Language can cement relationships, start wars, and allow us to say what we want in our coffee. It is one of the few psychological behaviors that separate us from our evolutionary cousins, the great apes. The quest to understand language, how we use it, and how children learn it, is age-old. In the past 50 years, however, significant progress has been made in understanding how children acquire language by drawing upon a range of disciplines: linguistic, psychology, and computer science, and biology. Our 1999 book, How Babies Talk: The Magic and Mystery of Language Development in the First Three Years of Life (Penguin Dutton), provided an overview of what is known about language development for the lay public.
Theory Development: The Emergentist Coalition Model (ECM)
Our focus has been mainly on grammatical development (how children learn the syntax of their language), lexical development (how children learn their language’s vocabulary), and segmentation (how children carve up the stream of speech they hear into clauses, phrases, and words). The “Emergentist Coalition Model” (Golinkoff, Hirsh-Pasek, & Hollich, 1999; Hirsh-Pasek, Golinkoff, & Hollich, 2000; Damonte, Johanson, Golinkoff, & Hirsh-Pasek, 2014) is a truly developmental account of how the process of language learning changes in over the first two years of life. Using this theory as our guide, we produced a monograph on how children learn names for objects – count nouns (Hollich, Hirsh-Pasek, & Golinkoff, 2000). To become a sophisticated word learner, children must take a speaker’s point of view to learn the names of all kinds of things in the environment – even things that children don’t necessarily find interesting or attractive (Pruden, Hennon, Hirsh-Pasek, & Golinkoff, 2006). There are some assumptions though, that children seem to make at the beginning of word learning that they will have to relax. For example, at 12 months of age, children assume that words map to whole objects (e.g., Hollich, Golinkoff, & Hirsh-Pasek, 2007) and not to their attractive parts.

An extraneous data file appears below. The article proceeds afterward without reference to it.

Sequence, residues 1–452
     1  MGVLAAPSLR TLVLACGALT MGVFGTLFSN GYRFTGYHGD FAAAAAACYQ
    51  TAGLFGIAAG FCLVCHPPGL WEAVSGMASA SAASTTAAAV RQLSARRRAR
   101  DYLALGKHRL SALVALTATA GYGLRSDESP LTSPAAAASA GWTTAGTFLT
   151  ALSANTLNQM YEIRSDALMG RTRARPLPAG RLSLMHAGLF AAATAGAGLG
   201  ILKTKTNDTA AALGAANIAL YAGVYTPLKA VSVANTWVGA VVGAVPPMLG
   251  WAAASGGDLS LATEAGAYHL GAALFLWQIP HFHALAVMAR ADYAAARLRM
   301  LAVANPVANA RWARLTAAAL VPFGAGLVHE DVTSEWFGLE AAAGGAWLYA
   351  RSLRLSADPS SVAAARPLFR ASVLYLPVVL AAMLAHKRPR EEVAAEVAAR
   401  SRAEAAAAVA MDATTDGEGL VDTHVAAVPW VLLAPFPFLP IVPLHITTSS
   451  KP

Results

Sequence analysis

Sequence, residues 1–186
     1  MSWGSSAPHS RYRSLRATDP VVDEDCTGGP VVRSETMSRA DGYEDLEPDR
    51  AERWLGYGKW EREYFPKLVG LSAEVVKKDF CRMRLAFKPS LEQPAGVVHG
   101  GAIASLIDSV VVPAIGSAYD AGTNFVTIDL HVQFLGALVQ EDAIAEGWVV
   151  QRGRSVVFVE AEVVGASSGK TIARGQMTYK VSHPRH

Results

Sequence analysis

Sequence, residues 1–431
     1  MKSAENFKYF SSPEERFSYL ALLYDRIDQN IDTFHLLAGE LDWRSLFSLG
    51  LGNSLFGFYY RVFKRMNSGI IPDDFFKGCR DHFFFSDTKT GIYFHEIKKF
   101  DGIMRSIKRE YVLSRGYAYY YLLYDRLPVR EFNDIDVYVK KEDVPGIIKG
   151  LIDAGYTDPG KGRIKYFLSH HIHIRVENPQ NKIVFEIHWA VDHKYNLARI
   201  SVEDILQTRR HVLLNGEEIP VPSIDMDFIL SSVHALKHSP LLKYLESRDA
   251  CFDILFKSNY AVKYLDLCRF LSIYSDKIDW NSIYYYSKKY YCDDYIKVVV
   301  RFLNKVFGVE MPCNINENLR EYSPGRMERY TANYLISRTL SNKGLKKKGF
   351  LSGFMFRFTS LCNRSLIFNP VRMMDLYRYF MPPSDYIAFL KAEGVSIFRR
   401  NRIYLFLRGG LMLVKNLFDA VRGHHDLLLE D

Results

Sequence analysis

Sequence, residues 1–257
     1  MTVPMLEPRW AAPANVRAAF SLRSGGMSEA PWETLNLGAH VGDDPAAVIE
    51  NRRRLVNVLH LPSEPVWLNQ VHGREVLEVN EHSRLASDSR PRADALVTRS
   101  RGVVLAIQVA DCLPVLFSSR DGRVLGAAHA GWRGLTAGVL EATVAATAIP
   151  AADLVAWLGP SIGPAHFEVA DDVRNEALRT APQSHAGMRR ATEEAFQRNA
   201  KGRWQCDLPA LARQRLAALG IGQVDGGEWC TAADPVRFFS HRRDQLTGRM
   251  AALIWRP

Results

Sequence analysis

As the ECM is a model that emphasizes the availability of multiple cues to word learning, its tenets have implications for understanding and possibly remediating various types of language disorders. For example, we have used our Emergentist Coalition Model to guide us in research on how children on the autistic spectrum learn words (Parish-Morris, Hennon, Hirsh-Pasek, Golinkoff, & Tager-Flusberg, 2007). Children who are more sensitive to speaker’s social cues have larger vocabularies than autistic children who have difficulty inferring a speaker’s intent. These findings tell us that autistic children can learn words without being attuned to a speaker’s intent but will be limited in the number of words they can pick up incidentally.